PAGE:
A Facebook friend posted a link to this article, which was basically a piece that was addressed to racists who complain about all the Black people on welfare. I started reading the article with high hopes. But they were quickly deflated. The statistics in the article really didn't seem to support the point (i.e. that students at HBCUs participate in community service at a higher rate than their non-HBCU peers). Then as I read the comments to the article, I saw that I was not the only one with misgivings about the statistics in the piece...and that perhaps the statistics were all together wrong.
The article starts out ok; that there are more Whites and Hispanics (combined) on welfare than there are Black people on welfare. This statistic is well-known and cannot really be twisted in a way that states the contrary. But there is more to that statistic than meets the eye. You see, Black Americans make up 32% of welfare recipients, even though they comprise a mere 12% of the US population. So the demographics of welfare recipients are not comparable to the overall demographics of the US. Even more concerning, Black Americans are more than twice as likely to have been on welfare than White Americans.
Don't Worry, I Am Not Trying to Promote the Myth of the Black Welfare Queen!
Before I go on any further, I should explain that my goal here is not to say that conservatives are correct in denigrating Black Americans as lazy moochers who needlessly take advantage of welfare benefits. Quite contrary. I know of many people on welfare. I myself am in the process of applying for food stamps. The vast majority of people really and truly need these benefits in order to secure food, shelter and living necessities for themselves and for their families. So let's clear the air on that. But what bothers me is the inability for people to accurately articulate why welfare is such a hotbed issue in the Black American community. To throw up meaningless arguments and statistics that do nothing to expose the real issue, only sets us up to look like bumbling idiots who are apathetic and will agree with whatever out there makes us look good.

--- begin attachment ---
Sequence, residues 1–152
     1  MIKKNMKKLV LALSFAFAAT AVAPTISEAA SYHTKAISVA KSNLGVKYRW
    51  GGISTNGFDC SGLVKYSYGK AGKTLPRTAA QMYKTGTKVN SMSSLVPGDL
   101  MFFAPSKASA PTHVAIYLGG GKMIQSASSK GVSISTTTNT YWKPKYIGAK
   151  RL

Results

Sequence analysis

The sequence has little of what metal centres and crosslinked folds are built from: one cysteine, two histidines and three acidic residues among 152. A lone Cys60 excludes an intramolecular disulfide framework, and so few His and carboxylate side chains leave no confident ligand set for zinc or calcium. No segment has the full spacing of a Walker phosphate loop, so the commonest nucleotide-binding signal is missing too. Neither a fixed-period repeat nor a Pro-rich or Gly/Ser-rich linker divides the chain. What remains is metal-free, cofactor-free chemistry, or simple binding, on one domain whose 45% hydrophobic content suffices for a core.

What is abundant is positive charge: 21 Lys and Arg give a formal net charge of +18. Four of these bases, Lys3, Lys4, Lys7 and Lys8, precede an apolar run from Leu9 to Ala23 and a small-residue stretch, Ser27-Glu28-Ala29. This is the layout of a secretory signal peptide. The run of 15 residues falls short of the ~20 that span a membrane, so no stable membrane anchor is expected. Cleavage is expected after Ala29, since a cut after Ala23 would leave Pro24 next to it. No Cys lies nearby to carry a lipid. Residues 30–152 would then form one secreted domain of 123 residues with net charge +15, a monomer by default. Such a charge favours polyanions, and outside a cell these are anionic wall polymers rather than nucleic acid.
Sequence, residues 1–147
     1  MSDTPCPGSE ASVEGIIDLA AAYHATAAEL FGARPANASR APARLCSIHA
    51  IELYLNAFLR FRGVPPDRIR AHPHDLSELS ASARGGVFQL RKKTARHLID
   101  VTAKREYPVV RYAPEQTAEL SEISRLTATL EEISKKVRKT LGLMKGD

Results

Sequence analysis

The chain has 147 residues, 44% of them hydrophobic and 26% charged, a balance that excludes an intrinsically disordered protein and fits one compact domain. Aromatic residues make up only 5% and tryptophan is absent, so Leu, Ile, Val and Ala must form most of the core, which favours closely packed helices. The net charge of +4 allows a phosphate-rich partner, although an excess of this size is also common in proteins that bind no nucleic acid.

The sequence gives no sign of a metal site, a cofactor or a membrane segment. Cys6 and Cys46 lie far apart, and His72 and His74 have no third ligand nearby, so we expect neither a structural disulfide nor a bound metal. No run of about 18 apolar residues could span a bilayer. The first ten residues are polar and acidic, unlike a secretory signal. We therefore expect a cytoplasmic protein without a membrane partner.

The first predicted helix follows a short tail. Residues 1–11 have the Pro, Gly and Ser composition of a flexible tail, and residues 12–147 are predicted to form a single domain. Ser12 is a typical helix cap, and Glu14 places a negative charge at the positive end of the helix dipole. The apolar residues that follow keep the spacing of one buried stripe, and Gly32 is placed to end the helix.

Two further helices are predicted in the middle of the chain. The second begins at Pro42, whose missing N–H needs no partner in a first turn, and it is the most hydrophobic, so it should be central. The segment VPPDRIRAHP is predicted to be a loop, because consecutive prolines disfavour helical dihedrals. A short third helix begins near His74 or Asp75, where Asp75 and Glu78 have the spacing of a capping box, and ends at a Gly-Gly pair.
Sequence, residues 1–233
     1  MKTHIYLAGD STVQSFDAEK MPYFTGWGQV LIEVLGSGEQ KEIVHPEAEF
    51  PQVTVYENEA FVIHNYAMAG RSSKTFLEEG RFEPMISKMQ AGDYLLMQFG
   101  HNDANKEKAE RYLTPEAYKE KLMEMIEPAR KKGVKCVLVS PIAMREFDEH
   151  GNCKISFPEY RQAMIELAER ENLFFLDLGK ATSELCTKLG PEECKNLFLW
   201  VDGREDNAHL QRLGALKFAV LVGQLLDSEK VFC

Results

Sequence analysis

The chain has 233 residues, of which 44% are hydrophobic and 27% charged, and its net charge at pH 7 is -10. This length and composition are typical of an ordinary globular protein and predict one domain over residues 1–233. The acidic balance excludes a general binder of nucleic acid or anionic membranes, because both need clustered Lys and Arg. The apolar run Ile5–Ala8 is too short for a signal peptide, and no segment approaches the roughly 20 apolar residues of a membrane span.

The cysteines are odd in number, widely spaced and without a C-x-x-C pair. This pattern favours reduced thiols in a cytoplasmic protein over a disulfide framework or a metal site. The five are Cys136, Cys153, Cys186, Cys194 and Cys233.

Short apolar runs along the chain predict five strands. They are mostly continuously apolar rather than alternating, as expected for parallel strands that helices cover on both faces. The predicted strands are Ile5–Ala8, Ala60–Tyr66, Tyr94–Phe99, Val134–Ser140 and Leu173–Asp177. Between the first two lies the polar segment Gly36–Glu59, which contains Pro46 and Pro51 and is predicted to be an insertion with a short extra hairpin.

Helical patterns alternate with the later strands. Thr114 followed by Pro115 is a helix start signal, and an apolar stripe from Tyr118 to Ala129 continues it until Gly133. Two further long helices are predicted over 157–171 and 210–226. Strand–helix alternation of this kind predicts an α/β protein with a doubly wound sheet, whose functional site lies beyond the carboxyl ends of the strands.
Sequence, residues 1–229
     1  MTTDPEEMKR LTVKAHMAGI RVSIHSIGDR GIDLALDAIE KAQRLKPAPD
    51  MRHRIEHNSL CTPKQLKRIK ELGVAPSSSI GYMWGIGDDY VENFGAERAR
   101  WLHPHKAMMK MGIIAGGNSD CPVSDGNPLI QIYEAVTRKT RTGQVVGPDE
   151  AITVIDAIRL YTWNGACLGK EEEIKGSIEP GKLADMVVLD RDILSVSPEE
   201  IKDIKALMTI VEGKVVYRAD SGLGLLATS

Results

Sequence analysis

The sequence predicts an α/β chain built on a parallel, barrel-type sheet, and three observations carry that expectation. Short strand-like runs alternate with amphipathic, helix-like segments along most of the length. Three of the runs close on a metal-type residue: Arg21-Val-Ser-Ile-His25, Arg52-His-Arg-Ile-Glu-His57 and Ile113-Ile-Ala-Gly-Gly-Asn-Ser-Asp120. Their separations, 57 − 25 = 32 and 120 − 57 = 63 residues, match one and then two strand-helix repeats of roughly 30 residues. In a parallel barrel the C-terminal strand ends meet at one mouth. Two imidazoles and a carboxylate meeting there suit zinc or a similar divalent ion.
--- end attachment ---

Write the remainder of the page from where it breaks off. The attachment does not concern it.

It is nothing but a distraction away from the real issue. And that issue is the handicapped economy of the Black American community.
So let's go back to this article and some of the strange statistics it talked about:
More College Graduates Than Ever. The article says that there are 5 times as many Black college graduates today than there were 40 years ago. This is impressive. However the overall number of college graduates as a percentage of the population have increased over that time frame as well; from less than 13% to 34%. While that jump is not as dramatic, coupled with the following statistic, it may catch your eye. Back in 1965, the difference in the annual median income of a high school graduate and a college graduate was $7,449; in 2013, that difference was $17,500.
So in a nutshell, Black Americans, who have always had a lesser amount of wealth overall as a whole, did not have the strong compulsion to go to college in order to rise out of poverty. Whereas today the story is very different.
Getting That Diploma. The article again focuses on education, and states that 84% of African-Americans have a high school diploma today, compared to only 31% in 1970. Again, this isn't really a statistic that gives any strength to the argument that Black people are not welfare kings and queens. Curiously, there is no mention of the fact that the average annual income of a high school graduate is a measly $25,900. At that income level, if you are a single income household with 2 children, that qualifies you for welfare.
There are three more statistics listed, but I'm not even going to bother and waste my time going through them. But I'll give you the titles, which are: Let Me See Your Homework, Pitching In (which is about the community service at HBCUs), and Number of Black NFL Players with Unsportsmanlike Conduct Penalties. Yeah. I'm serious. REALLY!?
We need to wake up and grow up here. This is a welfare problem in the Black community. But that problem is not simply the fact that we accept it. The problem is that we still need it; in spite of living in one of the most prosperous countries on the planet. 27% of Black Americans live in poverty compared to only 10% of non-Hispanic White Americans. And that's a more telling statistic. If Black Americans have a 'in the ballpark range' regarding the percentage of college graduates to White Americans (18% vs. 32%), then how come our poverty rates are still significantly higher?
As I job search, with my years of experience and my Master's degree in hand, I still am faced with offers of positions that pay $12, $11, sometimes $10/hr. That's fine. I'll take that if that's all I can get. But don't disparage me for needing food stamps to help make ends meet. The fact that I'm a Black woman probably trumps my education and employment efforts anyway. It would be very easy for a conservative to throw me into the "welfare queen" category, with no apologies or explanations needed.